Shares of Canada’s largest company Shopify (TSX:SHOP) were down close to 5% on April 29 after it gained over 11% a day before. The e-commerce giant reported record sales of almost a US$ 1 billion in the March quarter. While sales rose over 110% year over year, its earnings soared 11x in Q1 of 2021. Comparatively, the S&P/TSX Composite Index was down 0.5% today.
The other major underperformers on the TSX were:
- Resolute Forest Products down 15.5%
- Methanex Corp down 9%
- Real Matters down 7.5%
- Cargojet down 5.6%
- Village Farms down 4.9%
Gold miners on the TSX are facing the heat
Gold mining stock also trailed the market as gold futures ended lower for the third day in a row as well as a rise in bond yields. According to Edward Moya senior analyst at Oanda, “Gold will eventually climb higher, it just needs to see the bond market believe that the Fed will remain stubbornly accommodative throughout the next few months of robust economic data.”
Further, global demand for gold was down 23% year over year in Q1 of 2021 at 815.7 metric tons. This was fueled by a 70% decline in gold investments while gold ETF saw outflows of 179 metric tons.
While Barrick Gold stock fell 2.5%, Kirkland Gold stock was down 1.4% today.
S&P Global Rating maintains AAA rating on Canada
According to a report by BNN Bloomberg, S&P Global Ratings maintained its AAA rating on Canada. This was despite the federal budget announced last week which said the government would spend $101 billion in additional spending measures in the next three years.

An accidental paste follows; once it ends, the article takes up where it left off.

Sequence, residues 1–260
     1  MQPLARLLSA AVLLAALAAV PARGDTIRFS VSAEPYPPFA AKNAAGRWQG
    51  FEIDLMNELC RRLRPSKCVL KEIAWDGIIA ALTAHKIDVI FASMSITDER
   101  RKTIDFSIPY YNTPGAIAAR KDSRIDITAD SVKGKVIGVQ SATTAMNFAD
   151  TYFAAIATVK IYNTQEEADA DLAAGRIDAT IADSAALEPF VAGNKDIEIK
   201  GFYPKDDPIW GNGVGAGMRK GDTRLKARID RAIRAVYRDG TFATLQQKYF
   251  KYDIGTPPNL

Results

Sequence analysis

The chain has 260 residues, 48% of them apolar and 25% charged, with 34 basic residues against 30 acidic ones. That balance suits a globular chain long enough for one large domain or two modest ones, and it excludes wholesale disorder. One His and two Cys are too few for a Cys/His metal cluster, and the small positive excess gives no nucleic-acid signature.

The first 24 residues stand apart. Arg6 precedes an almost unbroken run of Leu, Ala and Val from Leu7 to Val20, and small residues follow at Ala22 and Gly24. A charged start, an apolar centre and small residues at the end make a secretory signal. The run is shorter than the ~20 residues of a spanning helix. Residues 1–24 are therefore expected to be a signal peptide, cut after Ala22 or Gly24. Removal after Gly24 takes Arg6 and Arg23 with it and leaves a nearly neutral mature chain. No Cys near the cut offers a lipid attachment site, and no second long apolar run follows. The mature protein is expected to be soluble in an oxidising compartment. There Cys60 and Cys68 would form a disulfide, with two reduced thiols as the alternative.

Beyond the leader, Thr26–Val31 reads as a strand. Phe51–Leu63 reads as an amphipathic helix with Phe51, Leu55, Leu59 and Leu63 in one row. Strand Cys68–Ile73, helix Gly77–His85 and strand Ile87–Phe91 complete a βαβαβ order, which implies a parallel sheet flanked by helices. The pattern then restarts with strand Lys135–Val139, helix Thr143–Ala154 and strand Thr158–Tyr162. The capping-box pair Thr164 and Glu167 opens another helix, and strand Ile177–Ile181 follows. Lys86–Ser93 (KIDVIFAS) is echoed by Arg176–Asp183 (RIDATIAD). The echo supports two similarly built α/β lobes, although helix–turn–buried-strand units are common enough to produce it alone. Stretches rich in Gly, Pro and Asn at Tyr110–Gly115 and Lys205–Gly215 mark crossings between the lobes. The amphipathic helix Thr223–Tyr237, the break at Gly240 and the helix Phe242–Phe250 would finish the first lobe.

S&P explained, “Canada’s public finances were well positioned entering the pandemic, enabling a strong policy response to contain its negative effects without weakening sovereign creditworthiness.”
The COVID-19 pandemic has led to a spike in borrowing and the shortfall for the last fiscal year stood at $354.2 billion. While the budget deficit has fallen more than 50% to $154.7 billion in the 2021-22 fiscal year, the debt-to-GDP ratio is expected to be 51.2%.
S&P expects Canada’s GDP to rise by 5.5% in 2021, 2.4% in 2022 and 2.8% in 2023. Comparatively, Bank of Canada has forecast the country’s GDP to rise by 6.5%, 3.7% and 3.2% respectively in the next three years.
S&P reaffirmed, “Although fiscal and debt metrics are weaker, we believe that the government’s use of its policy flexibility moderated the economic and labour market effects of the pandemic. This deviation from the government’s fiscal profile does not offset Canada’s structural credit strengths, in our view.”
Retail sales rise by 4.8% in February
According to a report from Statistics Canada, Canadian retail sales rose 4.8% to $55.1 billion in February. This was driven by an increase in automobile sales, gas stations and clothing stores. However, economists warned that the growth will be impacted due to the ongoing third wave of COVID-19 infections.
TD Bank economist Ksenia Bushmeneva confirmed, “Recent spending and mobility data suggests that retail sales are likely to weaken once again in April amid renewed restrictions and stay-at-home orders.”